AUSTIN, Texas — With the kickoff of Spring 2019 already underway, we tip our hats and bid farewell to Old Man Winter.
As the threat for severe weather increases from week to week through the peak in May, many of us wonder what the forecast will be for the region.
First, let's take a look back at the winter season, December 2018 through February 2019, to help us look ahead to the upcoming season.
Austin Camp Mabry recorded its 24th warmest winter with five freezing days. Austin Bergstrom International Airport (ABIA) recorded ts 34th warmest winter with 12 freezing days. Much of this "warmth" was due to relatively warmer than normal overnight lows.
We all remember those overcast, misty and drizzly days experienced this past winter. Because of that, there as not enough precipitation accumulated to rank high in terms of wettest winters. It was the 23rd wettest winter at Camp Mabry and 13th wettest winter at ABIA.
Peak severe season occurs in May and as the days and weeks pass, our threat will increase. Our biggest threats during severe season for Central Texas come in the form of hail, wind, and yes, tornadoes. On top of that, historically, our greatest threat has always been flash flooding, making May our wettest month.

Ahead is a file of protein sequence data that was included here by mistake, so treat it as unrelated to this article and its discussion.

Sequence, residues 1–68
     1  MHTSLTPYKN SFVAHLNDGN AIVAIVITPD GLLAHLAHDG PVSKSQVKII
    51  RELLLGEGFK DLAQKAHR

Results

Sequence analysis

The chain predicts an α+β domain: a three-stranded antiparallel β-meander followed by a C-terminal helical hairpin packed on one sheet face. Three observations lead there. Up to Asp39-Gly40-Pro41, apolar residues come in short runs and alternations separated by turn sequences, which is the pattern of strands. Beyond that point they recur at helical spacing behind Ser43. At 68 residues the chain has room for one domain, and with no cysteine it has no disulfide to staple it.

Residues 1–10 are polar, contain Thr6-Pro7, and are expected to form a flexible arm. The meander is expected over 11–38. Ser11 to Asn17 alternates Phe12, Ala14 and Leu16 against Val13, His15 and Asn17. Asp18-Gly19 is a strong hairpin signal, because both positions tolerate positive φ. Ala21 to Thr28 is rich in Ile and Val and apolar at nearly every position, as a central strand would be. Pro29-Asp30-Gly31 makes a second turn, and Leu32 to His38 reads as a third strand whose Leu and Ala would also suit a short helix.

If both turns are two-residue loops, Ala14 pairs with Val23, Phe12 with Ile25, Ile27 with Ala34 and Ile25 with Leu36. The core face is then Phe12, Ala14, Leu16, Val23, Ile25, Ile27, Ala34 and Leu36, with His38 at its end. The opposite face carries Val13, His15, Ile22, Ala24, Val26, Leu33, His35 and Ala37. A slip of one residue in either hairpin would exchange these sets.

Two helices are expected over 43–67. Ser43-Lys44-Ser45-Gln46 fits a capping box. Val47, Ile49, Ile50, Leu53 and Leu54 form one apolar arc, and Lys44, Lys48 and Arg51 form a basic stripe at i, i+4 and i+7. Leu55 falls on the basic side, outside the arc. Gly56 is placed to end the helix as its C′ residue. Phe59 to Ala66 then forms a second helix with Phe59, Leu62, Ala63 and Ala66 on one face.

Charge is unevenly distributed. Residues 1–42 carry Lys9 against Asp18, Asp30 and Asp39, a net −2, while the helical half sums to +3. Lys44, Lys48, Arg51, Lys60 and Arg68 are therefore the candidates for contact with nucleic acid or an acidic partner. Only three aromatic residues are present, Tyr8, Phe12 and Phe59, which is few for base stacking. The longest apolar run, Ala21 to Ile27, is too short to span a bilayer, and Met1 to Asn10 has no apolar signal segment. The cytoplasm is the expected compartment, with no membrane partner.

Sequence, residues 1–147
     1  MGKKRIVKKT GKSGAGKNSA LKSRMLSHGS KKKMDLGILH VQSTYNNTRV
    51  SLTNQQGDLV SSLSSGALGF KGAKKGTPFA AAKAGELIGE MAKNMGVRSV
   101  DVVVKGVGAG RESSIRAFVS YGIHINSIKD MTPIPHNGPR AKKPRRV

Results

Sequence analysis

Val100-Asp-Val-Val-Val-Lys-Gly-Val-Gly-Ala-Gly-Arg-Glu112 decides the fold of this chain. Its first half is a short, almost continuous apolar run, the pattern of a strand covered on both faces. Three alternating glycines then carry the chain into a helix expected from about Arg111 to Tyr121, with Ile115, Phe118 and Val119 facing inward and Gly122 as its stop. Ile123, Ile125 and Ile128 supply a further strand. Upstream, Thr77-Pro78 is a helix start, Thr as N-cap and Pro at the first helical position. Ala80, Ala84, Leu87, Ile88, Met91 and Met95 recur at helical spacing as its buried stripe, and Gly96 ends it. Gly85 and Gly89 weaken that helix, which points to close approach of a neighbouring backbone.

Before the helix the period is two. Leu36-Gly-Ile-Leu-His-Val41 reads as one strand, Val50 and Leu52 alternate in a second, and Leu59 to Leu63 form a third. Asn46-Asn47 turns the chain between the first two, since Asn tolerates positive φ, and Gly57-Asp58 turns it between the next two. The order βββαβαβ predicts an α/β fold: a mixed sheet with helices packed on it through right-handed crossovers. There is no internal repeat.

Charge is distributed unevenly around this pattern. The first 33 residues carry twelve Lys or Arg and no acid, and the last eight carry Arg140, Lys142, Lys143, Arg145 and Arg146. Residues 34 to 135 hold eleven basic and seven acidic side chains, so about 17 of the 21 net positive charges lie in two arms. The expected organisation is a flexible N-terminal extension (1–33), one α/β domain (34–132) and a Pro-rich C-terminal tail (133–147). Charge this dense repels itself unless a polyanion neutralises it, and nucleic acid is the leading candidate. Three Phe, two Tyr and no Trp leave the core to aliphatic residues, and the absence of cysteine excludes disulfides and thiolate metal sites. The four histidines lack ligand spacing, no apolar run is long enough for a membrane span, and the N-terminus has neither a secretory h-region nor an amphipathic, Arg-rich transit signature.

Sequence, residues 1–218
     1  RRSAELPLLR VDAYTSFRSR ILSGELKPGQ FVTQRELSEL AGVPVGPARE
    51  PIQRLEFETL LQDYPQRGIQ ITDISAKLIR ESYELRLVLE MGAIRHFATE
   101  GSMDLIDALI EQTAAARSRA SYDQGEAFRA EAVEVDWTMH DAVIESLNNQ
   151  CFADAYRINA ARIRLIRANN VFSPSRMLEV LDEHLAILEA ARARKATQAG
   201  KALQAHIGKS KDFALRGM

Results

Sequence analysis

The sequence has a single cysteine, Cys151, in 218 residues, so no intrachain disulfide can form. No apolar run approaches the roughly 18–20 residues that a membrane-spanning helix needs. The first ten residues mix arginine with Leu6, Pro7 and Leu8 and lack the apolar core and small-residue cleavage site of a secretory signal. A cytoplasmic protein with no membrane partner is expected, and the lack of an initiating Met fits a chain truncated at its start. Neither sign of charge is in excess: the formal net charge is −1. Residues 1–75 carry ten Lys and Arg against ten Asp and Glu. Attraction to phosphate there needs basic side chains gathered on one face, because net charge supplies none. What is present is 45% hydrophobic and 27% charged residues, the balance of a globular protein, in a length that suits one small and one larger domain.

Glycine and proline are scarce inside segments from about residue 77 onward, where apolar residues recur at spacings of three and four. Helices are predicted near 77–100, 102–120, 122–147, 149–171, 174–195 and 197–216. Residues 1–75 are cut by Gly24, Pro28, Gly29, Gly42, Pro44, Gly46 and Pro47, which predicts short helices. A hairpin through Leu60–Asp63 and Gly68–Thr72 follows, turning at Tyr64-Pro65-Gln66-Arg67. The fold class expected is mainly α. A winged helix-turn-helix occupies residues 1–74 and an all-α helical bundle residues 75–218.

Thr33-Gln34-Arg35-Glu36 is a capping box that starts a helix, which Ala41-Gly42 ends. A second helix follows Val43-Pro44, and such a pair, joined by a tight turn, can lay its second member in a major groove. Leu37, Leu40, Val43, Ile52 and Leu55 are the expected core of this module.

Given a current weak El Nino, research suggests less frequency of tornadoes and hail events this spring but above normal impacts from heavy rain. There are some factors to keep in mind: some areas of drought have begun to increase across Central Texas; however, the Highland Lakes are still performing at or near full capacity still from the flooding of October 2018.
This could have some adverse effects on how much rainfall is accumulated this season and then moved down through the lakes during peak season. It only takes one high impact event to cause devastating effects.
Temperatures are expected to perform near normal for Central Texas. Fire weather is expected to be slightly below normal, but periods of elevated to critical fire risk will still exist, especially following a strong cold front with dry winds in its wake.
As with any severe weather event, we urge you to have a plan in place that can quickly and efficiently be executed for the safety of you and your loved ones.